· Assessing whether an irreplaceable object is able to travel across the world (role stress)
· Performing delicate treatments, increasingly under the watchful eye of the public (role stress, job demands)
· Engaging in the competitive world of publishing (role stress, workplace conflict)
· Working with traumatizing or difficult collections (role stress, job demands)
· Living on an insubstantial and/or unfair wage (effort-reward imbalance)
· Being the only person of color in a workplace (relational justice)
· Microaggressions as well as overt bigotry (workplace conflict/ bullying)
· Frequent relocations away from support systems (occupational social support, temporary employment status)
· Insecure work assignments (temporary employment status)
· Juggling a full workload along with volunteer and outreach engagements (job demands, effort-reward imbalance)
· Taking on management roles without proper training (role stress, occupational social support)

The WHO’s recently updated Guidelines for Mental Health at Work makes recommendations at three levels: organizational interventions, manager training, and individual interventions. On the organizational level, reasonable accommodations must be made for individuals with mental health challenges. In some countries, the employing organization may also be responsible for providing basic health care including mental health care. In our professional community, organizations like IIC have developed core documents including the Code of Conduct that encourages organization-wide wellness.

On the managerial level, managers should be given adequate training to recognize, engage with, and support team members dealing with mental health issues while not substituting for proper mental health care. Conservation managers in large institutions often delegate mental health care to human resource departments and workplace resources. However, we have only to look at the AIC code of ethics to receive clear guidance on how to reframe our thinking around mental health in the field, stepping in to take on a more active role in shaping workplaces into safe, affirming, and healthy spaces: The conservation professional shall practice in a manner that minimizes personal risks and hazards to co-workers, the public, and the environment.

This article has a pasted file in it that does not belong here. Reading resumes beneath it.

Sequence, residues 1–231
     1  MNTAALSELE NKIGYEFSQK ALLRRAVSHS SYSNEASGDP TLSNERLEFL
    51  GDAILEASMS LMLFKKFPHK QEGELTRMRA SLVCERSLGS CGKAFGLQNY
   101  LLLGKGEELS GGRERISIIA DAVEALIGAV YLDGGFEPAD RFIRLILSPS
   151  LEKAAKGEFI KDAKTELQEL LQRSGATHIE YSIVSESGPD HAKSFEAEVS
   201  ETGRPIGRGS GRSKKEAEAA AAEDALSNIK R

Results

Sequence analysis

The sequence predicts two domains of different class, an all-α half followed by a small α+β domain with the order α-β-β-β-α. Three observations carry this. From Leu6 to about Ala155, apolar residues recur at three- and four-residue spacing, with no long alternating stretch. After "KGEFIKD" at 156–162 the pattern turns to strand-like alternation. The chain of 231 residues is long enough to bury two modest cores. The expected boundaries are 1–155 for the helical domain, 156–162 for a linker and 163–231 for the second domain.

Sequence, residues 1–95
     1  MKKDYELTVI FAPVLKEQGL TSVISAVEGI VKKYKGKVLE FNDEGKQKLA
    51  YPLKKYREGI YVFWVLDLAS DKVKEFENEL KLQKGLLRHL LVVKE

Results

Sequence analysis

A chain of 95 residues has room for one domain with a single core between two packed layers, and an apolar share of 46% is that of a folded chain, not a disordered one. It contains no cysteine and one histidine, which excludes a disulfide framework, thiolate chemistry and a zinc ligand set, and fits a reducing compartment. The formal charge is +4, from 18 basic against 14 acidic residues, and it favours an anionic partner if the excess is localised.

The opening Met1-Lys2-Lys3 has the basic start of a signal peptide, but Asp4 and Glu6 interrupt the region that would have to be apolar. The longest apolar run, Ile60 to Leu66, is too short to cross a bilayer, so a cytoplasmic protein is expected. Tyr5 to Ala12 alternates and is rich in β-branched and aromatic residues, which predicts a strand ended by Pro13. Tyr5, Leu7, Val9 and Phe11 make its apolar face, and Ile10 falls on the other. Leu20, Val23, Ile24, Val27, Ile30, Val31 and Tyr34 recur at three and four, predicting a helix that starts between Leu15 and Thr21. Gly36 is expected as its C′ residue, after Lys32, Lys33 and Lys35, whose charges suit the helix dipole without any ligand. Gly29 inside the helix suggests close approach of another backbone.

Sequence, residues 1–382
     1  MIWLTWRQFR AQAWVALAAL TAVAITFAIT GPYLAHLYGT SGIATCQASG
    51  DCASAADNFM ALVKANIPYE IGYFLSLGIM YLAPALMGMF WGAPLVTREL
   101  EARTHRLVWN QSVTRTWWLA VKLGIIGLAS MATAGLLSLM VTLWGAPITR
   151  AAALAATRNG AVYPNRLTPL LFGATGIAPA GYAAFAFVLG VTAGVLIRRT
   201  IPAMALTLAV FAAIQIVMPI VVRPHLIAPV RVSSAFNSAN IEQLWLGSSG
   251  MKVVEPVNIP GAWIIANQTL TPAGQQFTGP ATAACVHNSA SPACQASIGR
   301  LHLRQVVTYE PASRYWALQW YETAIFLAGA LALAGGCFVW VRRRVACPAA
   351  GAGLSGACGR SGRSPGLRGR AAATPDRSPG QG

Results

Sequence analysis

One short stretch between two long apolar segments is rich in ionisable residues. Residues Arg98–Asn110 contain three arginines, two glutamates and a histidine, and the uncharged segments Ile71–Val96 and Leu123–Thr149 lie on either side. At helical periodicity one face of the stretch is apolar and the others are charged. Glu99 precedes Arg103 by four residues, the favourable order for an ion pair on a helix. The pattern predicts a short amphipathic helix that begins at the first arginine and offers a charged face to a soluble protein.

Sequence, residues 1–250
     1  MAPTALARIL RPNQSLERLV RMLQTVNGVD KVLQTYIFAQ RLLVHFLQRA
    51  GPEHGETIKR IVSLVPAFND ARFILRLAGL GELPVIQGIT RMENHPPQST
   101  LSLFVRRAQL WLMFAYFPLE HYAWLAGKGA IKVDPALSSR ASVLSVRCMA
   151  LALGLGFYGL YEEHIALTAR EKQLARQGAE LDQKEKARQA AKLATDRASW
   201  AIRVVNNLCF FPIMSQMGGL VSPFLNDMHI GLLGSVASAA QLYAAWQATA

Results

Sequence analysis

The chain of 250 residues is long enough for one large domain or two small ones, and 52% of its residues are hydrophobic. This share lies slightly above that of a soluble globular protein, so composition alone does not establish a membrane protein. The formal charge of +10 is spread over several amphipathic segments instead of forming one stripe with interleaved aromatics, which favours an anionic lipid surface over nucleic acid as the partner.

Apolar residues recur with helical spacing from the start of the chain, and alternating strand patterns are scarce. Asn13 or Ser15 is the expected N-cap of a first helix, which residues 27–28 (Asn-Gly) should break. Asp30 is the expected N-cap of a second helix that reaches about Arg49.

How are we looking out for our co-workers? Dr. Bob Rohrbaugh, professor of psychiatry and deputy dean for professionalism and research at The Yale School of Medicine, was consulted on workplace wellness for this article. He describes workplace wellness as helping people to thrive rather than burnout. He also acknowledges that in conservation, much like in academic settings, staff may be juggling their roles as a worker, an educator, a scholar, and one doing community service. How can we create a culture of wellness in conservation? One aspect falls upon leadership to ensure that resources are provided for their team should they need access. But working towards a staff that is thriving also involves removing barriers to success and access. Leaders might also need to keep an eye on their workplace culture, nurturing a professional environment where people treat their colleagues with respect. Finally, the WHO recognizes that individual workers benefit from mental wellness training to help their colleagues who may be struggling. Dr. Rohrbaugh points out that there is an important role for every member of a community in workplace wellness. Going out of your way to thank a colleague or praise them for a job well done builds a community of support. Having a friend at work can be invaluable in your wellness, so much so that some organizations have formalized “buddy systems” established for the purpose of mental wellness. Everyone in a workplace has a role to play in keeping an eye out for colleagues who may be struggling and would benefit from professional help.

In 2022, and now in 2023, many of our colleagues were engaged in labor organizing and can now influence not only the individual and managerial aspects of this work but can also put pressure on organizations for favorable working conditions. Help is available for you if you are struggling with mental health.


Cynthia Schwarz is senior associate conservator of paintings at the Yale University Art Gallery where she has worked since 2008. She specializes in the treatment and study of modern and contemporary artworks. She studied painting at Rhode Island School of Design and painting conservation at the Winterthur/University of Delaware Program in Art Conservation. 

(Read the full article in the February-March 2023 "News in Conservation" Issue 94, p. 10-14)

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It is an expected part of the conservator’s role to take part in ongoing health and safety trainings: safe handling of laboratory chemicals and equipment, the safe use of scaffolding, and radiation risks to name a few. Less well understood, and rarely discussed, are the risks and responsibilities that come with mental health and workplace wellness.